The lib dems are quite a force in local politics in this area people are used to seeing them do well and can devote significant resources.

    Free from sleaze allegations who knows how they might do.

  37. Trevor
    Chesham and Amersham are right on the border with Hertfordshire next door to Berkhamsted where all the local country council seats were won by the Lib dems from the Tories at the last local elections.

    So wouldn’t write off their chances.

    Incidentally my kids went to high school , in berkhamsted to the most public school looking state school in the country.

    Look up Ashlyns school and you’ll see what I mean.

  38. Anyone using 2019 local elections as a ‘base’ should check opinion polling from the time. Twas a good year for LDEM (and a bad one for CON and LAB).

    Reminder on other years. May 2017 was very good year for CON, just before the Mayb0t manifesto and ‘no show’ into the GE.

  39. Trevor
    Looking at the list on the right the Lib dems were on around 11% at this point in2019.

  40. Looking at how Lab and Con are doing compared to the last round of elections will be less meaningful due to UKIP/BXP being a serious vote puller at the time.
    Both Lab ad Tory could ‘improve’ on 4/5 years ago but for me that is not the main metric; how the votes extrapolate to a GE performance, warts and all, will be more significant imo.

  41. @ JJ – “how the votes extrapolate to a GE performance, warts and all, will be more significant imo.”

    How do you propose we do that?

    IMO, the ‘quick look’ will be net gains of councillors with a slightly more detailed (and more relevant) look being into the more local and regional moves – hopefully Election Maps of similar person will provide us with nice maps to look at about this time next week.

    CON will certainly be hoping to see the large pockets of UKIP’16 or BXP’19 move to CON and GOTV

    ‘Leavers’ need to be turned into ‘Level-uppers’ in areas they gained in GE’19 but they’ll also want to see that their ‘heartlands’ are not under threat (more a case of CON VI apathy than any genuine threat)

  42. @ Jim Jam/TW

    The BBC do some notional nation vote share I think and I believe they take into account seats where there are no elections (correct me if I am wrong). But one of the problems is that you can miss a demographic that way ie red wall changing their voting in a different way to how cities might change their voting. So like if brexit were the issue you might get a false swing if elections were only held in cities or only held in towns (again correct me if I am wrong).

  43. Yes Shevii, the Ralings and Thresher model IIRC.

    I agree with the problems, hence my ‘warts and all’ but it will still be more meaningful than looking at ‘improvements’ from when these contests last occurred; and, the parties themselves will be looking at more localised data.

  44. First sign of the UK media starting to understand the story?

    None of this is news. It was predictable from the supply numbers from around the end of February.

    Germany doing a million jabs in one day is rather impressive.

  45. Polls seem to be settling on a fairly large hit to Cons from the cash for curtains rumpus. It will be interesting to see whether that lasts, or if the unlocking/successful vaccine roll out regains dominance.

    I’ve felt for some time that, perhaps paradoxically, given his overall poor performance, Johnson needs the pandemic, as it keeps the focus away from a chaotic and rudderless domestic mission, and the shortfalls of Brexit.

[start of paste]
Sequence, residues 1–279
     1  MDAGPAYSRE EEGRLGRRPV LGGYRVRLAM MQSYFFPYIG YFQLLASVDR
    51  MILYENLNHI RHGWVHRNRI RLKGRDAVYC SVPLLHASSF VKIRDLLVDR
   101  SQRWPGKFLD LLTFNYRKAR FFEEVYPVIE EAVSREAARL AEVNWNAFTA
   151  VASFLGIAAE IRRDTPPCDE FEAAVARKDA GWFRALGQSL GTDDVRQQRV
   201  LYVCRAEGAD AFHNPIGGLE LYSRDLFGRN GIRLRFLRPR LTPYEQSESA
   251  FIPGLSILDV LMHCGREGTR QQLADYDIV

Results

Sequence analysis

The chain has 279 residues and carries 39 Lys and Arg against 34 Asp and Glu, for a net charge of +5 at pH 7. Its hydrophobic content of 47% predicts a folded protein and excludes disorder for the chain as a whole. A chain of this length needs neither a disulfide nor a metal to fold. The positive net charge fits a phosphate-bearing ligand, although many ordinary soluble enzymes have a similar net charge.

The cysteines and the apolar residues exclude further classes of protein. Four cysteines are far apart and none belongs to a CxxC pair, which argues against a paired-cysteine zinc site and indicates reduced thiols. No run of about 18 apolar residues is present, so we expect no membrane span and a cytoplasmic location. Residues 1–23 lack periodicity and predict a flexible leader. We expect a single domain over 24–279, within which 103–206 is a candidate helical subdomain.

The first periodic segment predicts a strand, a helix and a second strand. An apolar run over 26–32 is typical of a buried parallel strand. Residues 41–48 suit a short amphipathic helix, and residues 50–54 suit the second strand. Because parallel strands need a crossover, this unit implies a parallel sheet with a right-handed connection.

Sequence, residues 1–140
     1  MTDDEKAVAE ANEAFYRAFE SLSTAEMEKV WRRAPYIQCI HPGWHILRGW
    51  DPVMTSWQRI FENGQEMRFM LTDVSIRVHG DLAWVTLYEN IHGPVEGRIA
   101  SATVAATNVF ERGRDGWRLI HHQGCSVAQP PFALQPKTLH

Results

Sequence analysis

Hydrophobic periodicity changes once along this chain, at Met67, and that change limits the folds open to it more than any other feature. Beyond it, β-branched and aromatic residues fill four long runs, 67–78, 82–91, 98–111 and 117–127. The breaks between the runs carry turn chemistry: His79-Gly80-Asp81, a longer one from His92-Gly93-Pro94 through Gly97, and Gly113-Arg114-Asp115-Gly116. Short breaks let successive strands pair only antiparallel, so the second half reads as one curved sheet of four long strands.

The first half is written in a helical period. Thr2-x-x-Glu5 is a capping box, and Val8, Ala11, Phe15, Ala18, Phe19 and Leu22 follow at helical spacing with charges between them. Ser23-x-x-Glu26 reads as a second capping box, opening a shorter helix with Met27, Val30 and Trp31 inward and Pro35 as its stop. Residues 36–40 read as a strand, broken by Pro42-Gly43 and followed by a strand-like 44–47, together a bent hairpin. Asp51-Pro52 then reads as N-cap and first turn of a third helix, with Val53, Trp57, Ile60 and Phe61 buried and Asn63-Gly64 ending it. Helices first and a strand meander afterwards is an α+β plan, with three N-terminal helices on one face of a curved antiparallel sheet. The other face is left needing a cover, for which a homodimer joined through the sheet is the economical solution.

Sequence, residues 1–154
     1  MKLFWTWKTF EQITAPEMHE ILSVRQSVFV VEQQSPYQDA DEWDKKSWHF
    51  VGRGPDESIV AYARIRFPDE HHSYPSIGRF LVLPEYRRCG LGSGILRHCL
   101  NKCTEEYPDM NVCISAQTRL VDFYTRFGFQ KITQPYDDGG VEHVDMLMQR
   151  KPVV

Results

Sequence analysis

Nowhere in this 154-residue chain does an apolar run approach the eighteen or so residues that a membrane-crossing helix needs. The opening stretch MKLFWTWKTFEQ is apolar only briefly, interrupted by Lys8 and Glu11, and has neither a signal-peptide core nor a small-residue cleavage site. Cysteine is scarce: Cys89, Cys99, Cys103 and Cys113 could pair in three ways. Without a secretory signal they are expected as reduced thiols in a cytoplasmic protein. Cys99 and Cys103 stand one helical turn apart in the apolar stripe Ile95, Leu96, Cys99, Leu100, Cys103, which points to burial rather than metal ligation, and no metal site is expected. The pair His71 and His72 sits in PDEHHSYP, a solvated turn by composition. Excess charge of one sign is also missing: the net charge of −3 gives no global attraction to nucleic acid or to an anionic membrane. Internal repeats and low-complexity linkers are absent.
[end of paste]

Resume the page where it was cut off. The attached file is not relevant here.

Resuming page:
I’ll be interested to see if my sense of this has any validity.

  46. @ JJ / SHEVII – I’ll repost the extremely vague, ‘thrashing around’ piece from Prof Thrasher

    If we’re lucky then someone like Hanretty might post a google docs with ward level data ‘grouped’ into as close as possible to Westminster constituencies and show LE results (change since GE’19 result[1] or since last LE)

    Otherwise we’ll have to try to ‘reverse’ out the ‘base effect’ issue of when the last LE was and what the national polling was at the time.

    We’ll still be left with ‘incumbency’ issue in some cases and

    [1] That isn’t ideal either as smaller parties, Inds, etc can skew LEs and be irrelevant in GEs.

    PS Here’s the good Prof talking about LDEM ‘fight back’ in LEs 2019

  47. and the actual result in 2019

    CON: 3,564 (-1,330)
    LAB: 2,021 (-84)
    LDEM: 1,351 (+704)
    Green: 273 (+198)

    That was a shocker for CON (and pretty bad for LAB) and first nail in May’s coffin, followed soon after by the EPs (which should never have happened but for the extensions that gave LDEM and Farage2.0 a ‘raison d’être’)

    We’ve seen very little polling or predictions into ‘Super Thursday’ a ‘double bubble’ of LEs.

    However, no one is expecting big changes. My 2c was ‘unchanged’ being neutral for CON and LAB and only if we see gain/lose of 200+ then would that be into ‘surprise’ category.

    Main point: We need an objective ‘base’ and prediction before we see the results

    There will be a lot of results, some good, some bad so all parties can ‘cherry pick’ something that looks good and ignore the wards with ‘warts’

  48. Party Political Broadcast from the Rejoin Party.

  49. “Germany doing a million jabs in one day is rather impressive.”


    It’ll be a relief for them but we did our more vulnerable people ages ago.

  50. Trevor,

    We can always do what the parties do and decide what the best measure is after the results, smiley.

    I have taken a view on the least flawed, and hence best, comparator but understand if others prefer other base lines.